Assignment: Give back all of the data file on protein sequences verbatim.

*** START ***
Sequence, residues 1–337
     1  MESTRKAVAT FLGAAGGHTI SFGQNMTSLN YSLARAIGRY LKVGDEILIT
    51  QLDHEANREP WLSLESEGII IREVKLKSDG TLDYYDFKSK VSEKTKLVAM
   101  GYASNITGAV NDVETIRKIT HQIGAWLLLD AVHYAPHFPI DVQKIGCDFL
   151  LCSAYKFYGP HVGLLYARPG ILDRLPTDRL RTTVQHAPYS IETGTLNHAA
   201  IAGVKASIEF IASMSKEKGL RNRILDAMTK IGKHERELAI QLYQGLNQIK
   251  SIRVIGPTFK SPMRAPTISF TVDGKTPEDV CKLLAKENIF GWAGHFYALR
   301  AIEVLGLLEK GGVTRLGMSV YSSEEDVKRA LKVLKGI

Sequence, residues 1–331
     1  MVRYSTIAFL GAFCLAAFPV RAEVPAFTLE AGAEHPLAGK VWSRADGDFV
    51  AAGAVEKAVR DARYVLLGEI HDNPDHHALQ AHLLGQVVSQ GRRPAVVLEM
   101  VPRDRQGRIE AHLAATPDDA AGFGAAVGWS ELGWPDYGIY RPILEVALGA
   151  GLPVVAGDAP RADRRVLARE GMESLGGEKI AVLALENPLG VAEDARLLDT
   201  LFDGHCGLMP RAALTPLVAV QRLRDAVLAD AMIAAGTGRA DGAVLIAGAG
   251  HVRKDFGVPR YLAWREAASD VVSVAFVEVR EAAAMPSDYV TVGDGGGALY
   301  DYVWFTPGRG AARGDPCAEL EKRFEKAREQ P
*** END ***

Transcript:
Sequence, residues 1–337
     1  MESTRKAVAT FLGAAGGHTI SFGQNMTSLN YSLARAIGRY LKVGDEILIT
    51  QLDHEANREP WLSLESEGII IREVKLKSDG TLDYYDFKSK VSEKTKLVAM
   101  GYASNITGAV NDVETIRKIT HQIGAWLLLD AVHYAPHFPI DVQKIGCDFL
   151  LCSAYKFYGP HVGLLYARPG ILDRLPTDRL RTTVQHAPYS IETGTLNHAA
   201  IAGVKASIEF IASMSKEKGL RNRILDAMTK IGKHERELAI QLYQGLNQIK
   251  SIRVIGPTFK SPMRAPTISF TVDGKTPEDV CKLLAKENIF GWAGHFYALR
   301  AIEVLGLLEK GGVTRLGMSV YSSEEDVKRA LKVLKGI

Sequence, residues 1–331
     1  MVRYSTIAFL GAFCLAAFPV RAEVPAFTLE AGAEHPLAGK VWSRADGDFV
    51  AAGAVEKAVR DARYVLLGEI HDNPDHHALQ AHLLGQVVSQ GRRPAVVLEM
   101  VPRDRQGRIE AHLAATPDDA AGFGAAVGWS ELGWPDYGIY RPILEVALGA
   151  GLPVVAGDAP RADRRVLARE GMESLGGEKI AVLALENPLG VAEDARLLDT
   201  LFDGHCGLMP RAALTPLVAV QRLRDAVLAD AMIAAGTGRA DGAVLIAGAG
   251  HVRKDFGVPR YLAWREAASD VVSVAFVEVR EAAAMPSDYV TVGDGGGALY
   301  DYVWFTPGRG AARGDPCAEL EKRFEKAREQ P